Picks and Pans Review: Naked
These days Sedaris is a New York City playwright and frequent commentator for National Public Radio, but in past lives he has been a fruit picker, paint stripper and one of Santa's elves at Macy's. He's also a smartass born and raised, as he proved in his sassy 1994 debut, Barrel Fever. Sedaris is all grown up in this brilliant new collection of autobiographical essays, but he has lost none of his mordant edge.
Revisiting his childhood—spent largely in the South—Sedaris recounts a summer he spent in Greece ("Camp lasted a month, during which time I never once had a bowel movement") and the time he discovered Shakespeare and tried to introduce Elizabethan speech into rural North Carolina ("Be there not garments to launder and iron free of turbulence?" he asks his mother. "Get thee to work, damnable lady!").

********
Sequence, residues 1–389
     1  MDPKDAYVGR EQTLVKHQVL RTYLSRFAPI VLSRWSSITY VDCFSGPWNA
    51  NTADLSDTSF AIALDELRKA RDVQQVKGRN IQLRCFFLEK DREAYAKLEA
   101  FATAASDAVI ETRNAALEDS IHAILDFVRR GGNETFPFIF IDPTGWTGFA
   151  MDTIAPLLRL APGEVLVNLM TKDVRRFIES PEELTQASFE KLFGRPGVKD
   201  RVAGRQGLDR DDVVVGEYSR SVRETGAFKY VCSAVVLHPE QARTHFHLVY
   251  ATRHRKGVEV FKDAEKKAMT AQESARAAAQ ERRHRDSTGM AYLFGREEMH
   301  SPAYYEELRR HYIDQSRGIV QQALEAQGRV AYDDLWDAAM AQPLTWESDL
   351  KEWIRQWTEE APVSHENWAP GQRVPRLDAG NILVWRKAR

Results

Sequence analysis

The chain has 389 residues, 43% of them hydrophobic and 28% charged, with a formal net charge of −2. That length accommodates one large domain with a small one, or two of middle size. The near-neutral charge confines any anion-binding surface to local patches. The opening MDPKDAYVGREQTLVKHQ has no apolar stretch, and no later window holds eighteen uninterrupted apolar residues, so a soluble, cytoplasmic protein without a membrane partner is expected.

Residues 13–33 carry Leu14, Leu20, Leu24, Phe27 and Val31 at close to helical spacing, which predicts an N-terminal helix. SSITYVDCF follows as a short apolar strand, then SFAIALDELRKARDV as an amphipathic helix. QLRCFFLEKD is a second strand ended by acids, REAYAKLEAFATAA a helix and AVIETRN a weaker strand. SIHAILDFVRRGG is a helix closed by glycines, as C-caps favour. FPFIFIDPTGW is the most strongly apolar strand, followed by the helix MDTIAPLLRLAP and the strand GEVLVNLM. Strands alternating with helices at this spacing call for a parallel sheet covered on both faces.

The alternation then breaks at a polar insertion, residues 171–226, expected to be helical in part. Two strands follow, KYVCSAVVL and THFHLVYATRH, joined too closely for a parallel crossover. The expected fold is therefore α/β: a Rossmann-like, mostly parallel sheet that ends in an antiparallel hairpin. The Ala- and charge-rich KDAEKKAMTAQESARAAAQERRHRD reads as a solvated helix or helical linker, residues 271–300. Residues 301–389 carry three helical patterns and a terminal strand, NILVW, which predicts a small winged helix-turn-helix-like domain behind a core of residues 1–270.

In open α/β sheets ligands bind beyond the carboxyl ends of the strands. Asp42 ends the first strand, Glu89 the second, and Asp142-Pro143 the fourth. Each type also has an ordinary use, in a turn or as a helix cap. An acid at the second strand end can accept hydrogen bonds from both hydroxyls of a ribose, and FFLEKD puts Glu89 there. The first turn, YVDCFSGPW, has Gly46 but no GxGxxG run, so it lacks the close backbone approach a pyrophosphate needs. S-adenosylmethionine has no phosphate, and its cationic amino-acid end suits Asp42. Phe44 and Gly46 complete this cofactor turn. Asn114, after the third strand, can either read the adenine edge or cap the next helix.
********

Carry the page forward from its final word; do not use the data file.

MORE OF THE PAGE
Sedaris spares no details about his dysfunctional family or his own harebrained odysseys (including shoplifting for quadriplegic friends and his stay at a nudist colony). But there's wisdom in these stories—fables, really, with their touching, cautionary lessons at the end (his rueful account of his mother's death from lung cancer is the book's most moving). For all the laughs, Sedaris lays himself bare, faults and all. (Little Brown, $21.95)